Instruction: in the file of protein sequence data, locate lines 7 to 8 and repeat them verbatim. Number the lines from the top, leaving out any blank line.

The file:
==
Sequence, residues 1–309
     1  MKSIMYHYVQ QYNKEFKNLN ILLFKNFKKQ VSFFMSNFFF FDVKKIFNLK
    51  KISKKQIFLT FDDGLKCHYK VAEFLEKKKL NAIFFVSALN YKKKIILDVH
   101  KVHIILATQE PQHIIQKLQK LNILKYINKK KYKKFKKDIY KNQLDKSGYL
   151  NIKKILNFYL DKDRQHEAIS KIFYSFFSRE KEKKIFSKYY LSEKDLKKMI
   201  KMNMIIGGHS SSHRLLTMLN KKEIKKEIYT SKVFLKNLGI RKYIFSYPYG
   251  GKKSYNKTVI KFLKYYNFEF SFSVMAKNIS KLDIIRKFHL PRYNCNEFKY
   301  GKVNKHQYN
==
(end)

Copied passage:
   251  GKKSYNKTVI KFLKYYNFEF SFSVMAKNIS KLDIIRKFHL PRYNCNEFKY
   301  GKVNKHQYN